What is Our Purpose?

Written for the GLAM Blog Club theme of End

Two news events in 2018 made me ask the questions, what is point of archives and museums? What is their role in society?

The first news event was the NSW government passing damaging new legislation which expanded the powers of family and community services to permanently remove children from their families. This legislation will no doubt impact Aboriginal families the most and will have destructive, traumatic effects similar to the effects caused by the policies of the Stolen Generations, policies that were acts of genocide.

Many museums and other history institutions on this landmass have dedications in some form to the Stolen Generations. This is important as victims of this history have previously been ignored, adding to their trauma and the effects of this history have shaped our communities and many aspects of society more broadly. We need to share this part of history to understand the context we live in today.

However, I believe that understanding this history is pointless if it does not lead to action. Museums and archives should not just work to document bad history, but work to prevent bad history from happening. Museums are not making the world better if they just do an exhibition in thirty years focusing on the oppression caused by this new devastating legislation after the damage is already done, damage museums could have helped stop.

The second news event that made me question the role of archives and museums was the potential removal of the sacred Djap Wurrung trees. According to the Djab Wurrung Heritage Protection Embassy website “These beautiful trees include an 800 year old tree that has seen over 50 generations born inside of a hollow in her trunk”. Their potential discretion continues a history of colonial destruction of First Nations cultures.”

Archives and museums have long been part of this colonial destruction. As history institutions, they have helped in supplanting First Nations history with a newly created colonial memory, working almost as propaganda distributors for the settler state. Many people within archives and museums would disagree with this and say that’s not what we, what we do is collect, preserve, and make accessible knowledge for future generations. If that is the case, then us working in archives and museums should stand up against the possible destruction of sacred Djap Wurrung trees as so much history, knowledge and culture embedded in them could be lost. If we don’t, then I don’t believe we can declare our role is preserving knowledge for future generations. And I don’t mean by moving the sacred trees to a museum, this is also colonial violence.

Archivists will also claim their role is to facilitate public accountability, particularly of the accountability of the government. And around the world, many archives are being used to bring accountability to past oppression created by settler states. However, with these aforementioned news events and many other recent ones, archivists have a responsibility to use the knowledge their organisations hold to inform the public and make the government accountable, this includes current government. As Archivists Against History Repeating Itself express we need to use history “to learn past strategies and get inspiration to enact the structural change we need now” This kind of action towards structural change needs to be supported, advocated and undertaken by memory institutions. (without infringing on work already being done by grassroots groups)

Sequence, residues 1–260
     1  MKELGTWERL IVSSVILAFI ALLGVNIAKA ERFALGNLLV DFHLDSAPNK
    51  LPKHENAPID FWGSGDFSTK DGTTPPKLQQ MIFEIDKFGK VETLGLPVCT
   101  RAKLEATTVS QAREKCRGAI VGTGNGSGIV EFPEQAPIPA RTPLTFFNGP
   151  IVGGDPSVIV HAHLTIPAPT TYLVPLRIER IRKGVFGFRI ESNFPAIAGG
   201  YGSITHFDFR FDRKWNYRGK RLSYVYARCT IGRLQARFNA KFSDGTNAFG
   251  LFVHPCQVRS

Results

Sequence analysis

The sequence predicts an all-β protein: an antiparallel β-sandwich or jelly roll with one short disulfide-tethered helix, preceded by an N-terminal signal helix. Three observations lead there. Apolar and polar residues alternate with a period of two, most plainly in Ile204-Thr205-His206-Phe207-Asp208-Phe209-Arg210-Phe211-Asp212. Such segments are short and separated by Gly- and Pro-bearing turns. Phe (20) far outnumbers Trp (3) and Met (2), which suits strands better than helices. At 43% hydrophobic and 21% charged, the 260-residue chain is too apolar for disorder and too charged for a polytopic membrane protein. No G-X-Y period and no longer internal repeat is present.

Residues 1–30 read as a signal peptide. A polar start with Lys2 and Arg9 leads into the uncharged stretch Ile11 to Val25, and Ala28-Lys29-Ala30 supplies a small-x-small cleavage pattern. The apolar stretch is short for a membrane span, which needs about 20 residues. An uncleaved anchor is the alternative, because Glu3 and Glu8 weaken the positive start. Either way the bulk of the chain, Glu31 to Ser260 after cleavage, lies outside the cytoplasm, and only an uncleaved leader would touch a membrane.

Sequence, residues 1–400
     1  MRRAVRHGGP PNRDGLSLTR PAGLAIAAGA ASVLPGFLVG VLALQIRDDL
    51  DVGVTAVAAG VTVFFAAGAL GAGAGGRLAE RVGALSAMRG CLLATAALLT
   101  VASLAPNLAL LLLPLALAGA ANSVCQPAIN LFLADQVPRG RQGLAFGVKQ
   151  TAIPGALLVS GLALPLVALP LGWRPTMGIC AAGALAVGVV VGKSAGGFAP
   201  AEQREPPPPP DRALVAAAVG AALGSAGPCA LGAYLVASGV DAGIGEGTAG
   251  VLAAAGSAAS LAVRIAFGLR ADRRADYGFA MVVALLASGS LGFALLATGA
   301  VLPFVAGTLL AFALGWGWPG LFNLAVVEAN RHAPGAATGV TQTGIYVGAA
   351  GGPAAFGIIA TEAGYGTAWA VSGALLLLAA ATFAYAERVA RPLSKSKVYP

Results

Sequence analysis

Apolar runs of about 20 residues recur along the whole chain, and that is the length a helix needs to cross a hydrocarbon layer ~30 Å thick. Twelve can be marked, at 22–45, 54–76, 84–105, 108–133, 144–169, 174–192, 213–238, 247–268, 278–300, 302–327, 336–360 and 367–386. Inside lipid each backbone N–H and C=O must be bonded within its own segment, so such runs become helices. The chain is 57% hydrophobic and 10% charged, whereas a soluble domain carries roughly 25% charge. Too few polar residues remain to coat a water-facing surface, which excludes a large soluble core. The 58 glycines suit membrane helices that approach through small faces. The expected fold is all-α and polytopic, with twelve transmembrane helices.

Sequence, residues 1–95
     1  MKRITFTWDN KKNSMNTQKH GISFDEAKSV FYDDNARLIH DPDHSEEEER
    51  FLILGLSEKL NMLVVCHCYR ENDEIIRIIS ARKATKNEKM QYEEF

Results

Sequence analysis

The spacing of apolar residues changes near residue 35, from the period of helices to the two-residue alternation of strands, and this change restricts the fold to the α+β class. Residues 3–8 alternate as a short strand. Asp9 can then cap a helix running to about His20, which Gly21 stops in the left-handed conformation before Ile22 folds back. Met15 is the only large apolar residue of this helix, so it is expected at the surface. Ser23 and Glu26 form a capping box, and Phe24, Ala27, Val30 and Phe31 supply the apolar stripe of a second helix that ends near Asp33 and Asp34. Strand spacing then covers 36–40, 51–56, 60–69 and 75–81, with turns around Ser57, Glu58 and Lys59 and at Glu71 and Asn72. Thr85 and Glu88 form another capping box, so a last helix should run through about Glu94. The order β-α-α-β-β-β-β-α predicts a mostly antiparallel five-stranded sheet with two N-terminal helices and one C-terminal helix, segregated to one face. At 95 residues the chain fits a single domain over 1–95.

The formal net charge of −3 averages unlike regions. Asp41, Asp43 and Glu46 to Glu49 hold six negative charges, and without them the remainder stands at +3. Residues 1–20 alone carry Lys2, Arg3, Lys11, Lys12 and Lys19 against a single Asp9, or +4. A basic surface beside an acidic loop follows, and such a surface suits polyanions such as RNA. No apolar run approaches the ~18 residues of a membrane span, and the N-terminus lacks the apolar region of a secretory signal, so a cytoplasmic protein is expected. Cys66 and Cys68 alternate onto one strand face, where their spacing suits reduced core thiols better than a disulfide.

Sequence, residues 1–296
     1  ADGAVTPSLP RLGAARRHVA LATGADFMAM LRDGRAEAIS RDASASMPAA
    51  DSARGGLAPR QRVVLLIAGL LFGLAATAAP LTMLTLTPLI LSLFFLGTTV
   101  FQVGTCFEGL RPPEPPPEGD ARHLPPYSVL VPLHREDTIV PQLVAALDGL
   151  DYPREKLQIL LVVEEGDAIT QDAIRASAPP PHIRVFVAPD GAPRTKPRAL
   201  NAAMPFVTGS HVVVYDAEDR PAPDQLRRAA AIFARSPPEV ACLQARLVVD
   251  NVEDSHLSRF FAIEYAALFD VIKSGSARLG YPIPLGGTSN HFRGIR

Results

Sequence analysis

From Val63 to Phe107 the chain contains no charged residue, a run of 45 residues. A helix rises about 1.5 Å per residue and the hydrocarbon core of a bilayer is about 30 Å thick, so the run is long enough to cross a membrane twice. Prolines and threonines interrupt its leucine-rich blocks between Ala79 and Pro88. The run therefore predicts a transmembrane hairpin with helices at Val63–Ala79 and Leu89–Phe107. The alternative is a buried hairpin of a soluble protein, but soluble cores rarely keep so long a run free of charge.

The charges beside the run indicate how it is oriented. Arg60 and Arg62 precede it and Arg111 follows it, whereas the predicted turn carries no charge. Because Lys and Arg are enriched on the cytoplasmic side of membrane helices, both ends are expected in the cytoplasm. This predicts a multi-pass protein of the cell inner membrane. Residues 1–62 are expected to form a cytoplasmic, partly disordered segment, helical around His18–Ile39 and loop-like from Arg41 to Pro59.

For this to happen there does need to be a shift in archives and museums, namely addressing that we are, and the organisations we work in are not neutral. Inaction by memory institutions is not neutral, it is supporting current oppressive structures. Memory institutions have power they need to share with grassroots organisations working towards repairing the damage done by and preventing future harm caused by white supremacy, colonialism, patriarchy, heteronormativity, ableism, and capitalism.

This means not just addressing past issues stemming from colonisation and invasion (which many archives and museums still have trouble doing), but also addressing oppression happening now. Challenging oppressive structures is what we need to do to assist positive social change, which, I believe should be our purpose.

By Nathan Mudyi Sentance

Further reading

Archivists Against History Repeating Itself

Djab Wurrung Heritage Protection Embassy

Grandmothers Against Removals NSW

Australian farmland

-Australian farmland is beautiful but eery

– is it eery because we are not accustomed to silence?

-but it’s not silent

-is it eery because of the violence that took place on it?

-the blood spilt on it?

-like us, Australian farmland is shaped by violence

-violence informs how we both look

-violence influences our interactions with each other

-violence is always present on Australian farmland

-there is rarely screams, but the sound of cicadas

-Australian farmland is a symbol of beauty,but it’s eery. It has a rage within it

-Australian farmland is a kingdom, like all kingdoms, its rulers need it more than it needs the ruled, but rulers obfuscate that fact

-Australian farmland is conquest

-Australian farmland is beautiful and smells great